I love music.

I write about the music I like and have purchased for the benefit of better understanding it and sharing my preferences with others.

Concerti per vari Strumenti

Zefiro performs wind concertos by Antonio Vivaldi, (p) 2000 Naive-Auvidis. I first reviewed this recording in September, 2003. Back then, I had this to say:

The whole CD package is attractive (as many Naive recordings have been lately), but more so is the quality of wind playing. That’s the focus of the ensemble, but it carries here authentically on record. From RV 538 for two horns (expertly recorded in a perfect acoustic) to the brisk rendition of RV 535 a few tracks earlier, for two oboes. For big Vivaldi fans, some works are old hat favorites, still others are probably new. The recording of the concerto for two trumpets is superb. It’s not the best of Vivaldi’s concertos, but thankfully the ensemble took a nice tempo that sets it going and engages the listener. The ultimate movement really sets the strings a flutter, and as they now say, “That’s all good.” Indeed, lots to enjoy from both the winds and strings. The ultimate movement for RV 545, featuring oboe and bassoon is no less enjoyable. We are treated here to the Grazzi brothers, who once played with Il Giardino Armonico, in their excellent Vivaldi series. Zefiro Wind Concertos There is much here to enjoy. This CD isn't as rustic or wild as say one we might expect from a Biondi, or dramatic as an Alessandrini, but oboist and director Bernardini plays his Vivaldi with a fair amount of zest (honesty), a little restraint (historical authenticity), and does so on a record with clean recorded sound. I really like their reading of the C-Major double trumpet concertos. The tempos are ideal, as is the trumpet tone and sound. Their take on other concertos is welcome to, playing with small numbers on each part. It sounds like chamber concertos, and they're done well. The concerto in D minor (in four movements) simply screams speed (track 14). I believe this may be one of those oboe works that Vivaldi may not have composed, but were instead were a Frenchman's try at playing Vivaldi. Either way, the work is good, and the cooking tempo is a welcome departure from what I typically hear. Another favorite is Zefiro's attempt at a brassy affair in the Double horn concerto (in F). Like the trumpet concerto, the brass sounds fantastic. I can't say the same for the artistry in Vivaldi's writing for this ensemble, but the horns are allowed just to be a little brassy. And I like that. "Zesty restraint," and nice control of the brass sound. Warmly recommended.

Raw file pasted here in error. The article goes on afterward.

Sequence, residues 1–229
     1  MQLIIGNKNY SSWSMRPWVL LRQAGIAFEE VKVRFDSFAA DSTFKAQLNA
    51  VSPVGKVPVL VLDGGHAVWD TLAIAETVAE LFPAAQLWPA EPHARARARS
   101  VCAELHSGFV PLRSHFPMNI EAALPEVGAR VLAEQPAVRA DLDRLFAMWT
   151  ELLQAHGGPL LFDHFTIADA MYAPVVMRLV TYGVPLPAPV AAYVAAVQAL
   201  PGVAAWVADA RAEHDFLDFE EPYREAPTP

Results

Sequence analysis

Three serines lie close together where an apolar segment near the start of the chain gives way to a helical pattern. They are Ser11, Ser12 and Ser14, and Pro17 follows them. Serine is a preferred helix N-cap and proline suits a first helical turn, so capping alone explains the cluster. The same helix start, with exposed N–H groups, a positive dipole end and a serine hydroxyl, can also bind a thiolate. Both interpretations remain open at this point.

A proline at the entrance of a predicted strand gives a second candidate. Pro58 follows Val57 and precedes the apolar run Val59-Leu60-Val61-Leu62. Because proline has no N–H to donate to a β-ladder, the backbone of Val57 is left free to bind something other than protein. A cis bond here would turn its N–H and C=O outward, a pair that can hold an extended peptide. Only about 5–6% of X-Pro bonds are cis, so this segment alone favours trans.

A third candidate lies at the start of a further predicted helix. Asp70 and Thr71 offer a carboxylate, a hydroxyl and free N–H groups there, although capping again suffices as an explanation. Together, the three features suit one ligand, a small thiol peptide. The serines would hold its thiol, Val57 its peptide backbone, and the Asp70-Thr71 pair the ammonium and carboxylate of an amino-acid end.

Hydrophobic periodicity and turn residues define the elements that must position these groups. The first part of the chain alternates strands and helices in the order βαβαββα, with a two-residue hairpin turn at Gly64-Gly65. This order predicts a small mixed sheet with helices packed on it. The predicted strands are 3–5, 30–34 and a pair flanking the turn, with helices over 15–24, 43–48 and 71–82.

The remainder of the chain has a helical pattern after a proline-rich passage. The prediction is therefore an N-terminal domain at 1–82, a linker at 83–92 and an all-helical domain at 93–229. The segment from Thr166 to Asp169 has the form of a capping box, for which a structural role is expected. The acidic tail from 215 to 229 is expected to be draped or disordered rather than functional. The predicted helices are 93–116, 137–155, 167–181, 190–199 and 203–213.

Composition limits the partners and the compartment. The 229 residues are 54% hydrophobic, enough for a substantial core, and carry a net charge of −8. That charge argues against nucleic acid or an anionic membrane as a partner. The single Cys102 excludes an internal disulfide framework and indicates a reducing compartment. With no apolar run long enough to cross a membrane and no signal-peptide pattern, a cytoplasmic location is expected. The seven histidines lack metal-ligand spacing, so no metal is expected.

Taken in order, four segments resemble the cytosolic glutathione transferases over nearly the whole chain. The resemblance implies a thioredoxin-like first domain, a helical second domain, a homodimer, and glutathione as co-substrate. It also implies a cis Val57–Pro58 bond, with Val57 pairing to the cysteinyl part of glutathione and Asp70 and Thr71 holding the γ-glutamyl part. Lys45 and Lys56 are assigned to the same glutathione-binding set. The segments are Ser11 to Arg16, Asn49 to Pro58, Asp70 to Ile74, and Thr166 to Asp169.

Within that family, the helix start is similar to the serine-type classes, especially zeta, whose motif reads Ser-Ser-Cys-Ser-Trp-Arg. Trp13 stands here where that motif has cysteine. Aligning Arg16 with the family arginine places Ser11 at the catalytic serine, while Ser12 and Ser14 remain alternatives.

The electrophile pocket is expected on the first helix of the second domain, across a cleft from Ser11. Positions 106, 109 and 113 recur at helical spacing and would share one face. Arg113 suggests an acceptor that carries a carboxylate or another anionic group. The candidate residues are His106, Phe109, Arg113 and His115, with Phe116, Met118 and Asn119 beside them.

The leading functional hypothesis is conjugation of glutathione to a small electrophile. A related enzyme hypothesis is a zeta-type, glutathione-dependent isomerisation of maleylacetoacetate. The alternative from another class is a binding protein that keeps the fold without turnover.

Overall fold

Tartini: Concerti by Ensemble 415

Bach and his Era